Coffee exchange to accept five CMA-licensed brokers


Nairobi Coffee Exchange CEO Daniel Mbithi. FILE PHOTO | DIANA NGILA | NMG

The Nairobi Coffee Exchange (NCE) will admit five brokers the Capital Markets Authority (CMA) licensed last year, reversing an earlier stance in which it had resisted their admission to the auction.

The CMA licensed United Eastern Kenya Coffee Marketing Company, Meru County Coffee Marketing Agency Limited, Kipkelion Brokerage Company Limited, Mt Elgon Coffee Marketing Agency, Murang’a County Coffee Dealers Limited and Embu Coffee Farmers Marketing Agency Limited.

NCE chief executive Daniel Mbithi said they are working on modalities to admit the five brokers who had initially been denied access to the auction floor following clear instructions from the Ministry of Agriculture.

The move appears to end the supremacy battles between CMA and the coffee regulator witnessed in the last two years as each claimed to have authority in regulating the sector.

“We are going to admit them because we are following what the law says. At the moment we are working on the modalities of admission,” said Mr Mbithi.

The CMA has emerged as a winner in this battle after the Agriculture Food Authority (AFA) — the regulator of the coffee crop, withdrew the amendments to the Coffee Act, which had vested the mandate of regulating the beverage on the Coffee Directorate.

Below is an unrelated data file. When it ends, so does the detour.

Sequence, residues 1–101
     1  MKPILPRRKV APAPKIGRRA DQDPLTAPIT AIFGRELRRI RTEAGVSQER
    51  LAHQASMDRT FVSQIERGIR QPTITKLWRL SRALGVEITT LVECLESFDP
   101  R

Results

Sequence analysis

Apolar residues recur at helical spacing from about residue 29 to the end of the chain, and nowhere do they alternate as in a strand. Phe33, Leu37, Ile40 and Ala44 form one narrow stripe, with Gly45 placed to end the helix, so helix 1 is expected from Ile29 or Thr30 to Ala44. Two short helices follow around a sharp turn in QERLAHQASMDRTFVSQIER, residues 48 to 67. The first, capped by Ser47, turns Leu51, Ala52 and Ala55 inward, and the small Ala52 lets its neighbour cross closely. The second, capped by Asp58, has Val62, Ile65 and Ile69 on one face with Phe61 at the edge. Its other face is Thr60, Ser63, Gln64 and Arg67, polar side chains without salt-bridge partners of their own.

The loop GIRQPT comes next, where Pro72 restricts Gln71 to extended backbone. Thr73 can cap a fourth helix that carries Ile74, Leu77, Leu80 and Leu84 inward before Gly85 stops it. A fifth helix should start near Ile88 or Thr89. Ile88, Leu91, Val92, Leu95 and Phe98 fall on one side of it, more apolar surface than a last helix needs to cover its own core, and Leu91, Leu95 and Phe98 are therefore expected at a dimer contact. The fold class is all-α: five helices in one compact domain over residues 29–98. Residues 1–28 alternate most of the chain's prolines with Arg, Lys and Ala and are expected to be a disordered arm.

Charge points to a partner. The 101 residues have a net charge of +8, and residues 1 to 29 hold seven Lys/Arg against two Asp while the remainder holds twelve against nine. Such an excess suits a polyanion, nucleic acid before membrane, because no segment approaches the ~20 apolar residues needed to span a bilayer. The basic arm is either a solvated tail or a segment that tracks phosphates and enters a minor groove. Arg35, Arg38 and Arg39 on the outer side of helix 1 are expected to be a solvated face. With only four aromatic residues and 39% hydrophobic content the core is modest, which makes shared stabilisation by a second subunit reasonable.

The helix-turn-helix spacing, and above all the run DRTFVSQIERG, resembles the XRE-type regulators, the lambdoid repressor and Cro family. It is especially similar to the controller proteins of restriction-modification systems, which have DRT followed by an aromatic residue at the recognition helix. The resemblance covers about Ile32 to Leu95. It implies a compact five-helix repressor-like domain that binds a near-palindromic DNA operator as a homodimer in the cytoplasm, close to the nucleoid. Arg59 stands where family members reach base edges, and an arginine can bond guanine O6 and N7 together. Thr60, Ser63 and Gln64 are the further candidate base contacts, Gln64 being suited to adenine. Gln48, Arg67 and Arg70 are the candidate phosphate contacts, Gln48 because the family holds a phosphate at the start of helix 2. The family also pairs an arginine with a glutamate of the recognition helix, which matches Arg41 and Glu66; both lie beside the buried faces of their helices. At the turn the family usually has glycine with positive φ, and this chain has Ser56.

In a letter seen by the Business Daily and addressed to different coffee stakeholders, the AFA advises that the amendments that had vested the regulation of the sector on the Coffee Directorate had been suspended.

Last year, then Agriculture Cabinet secretary Peter Munya gazetted the Crops Act (Coffee General Amended Regulations that gave the mandate to license coffee millers and marketers to the Coffee Directorate, which is under AFA, sealing the fate of CMA as a regulator of spot commodities.

But the Capital Markets (Coffee Exchange) Regulations 2020, which were gazetted in April 2019, had given the CMA the mandate to license the coffee exchange and brokers.

The CMA had argued that the law gave it the mandate to regulate the coffee sector, following the amendment of the Capital Markets Act in 2021, while Mr Munya insisted the function was with the AFA since changes were not made to the Crops Act.

However, it is not clear when the Direct Settlement System (DSS), a platform on which the payment to farmers should be made under the new regulations, will be established.

The creation of the DSS was one of the reasons why the new coffee regulations did not take effect as planned in August 2020.

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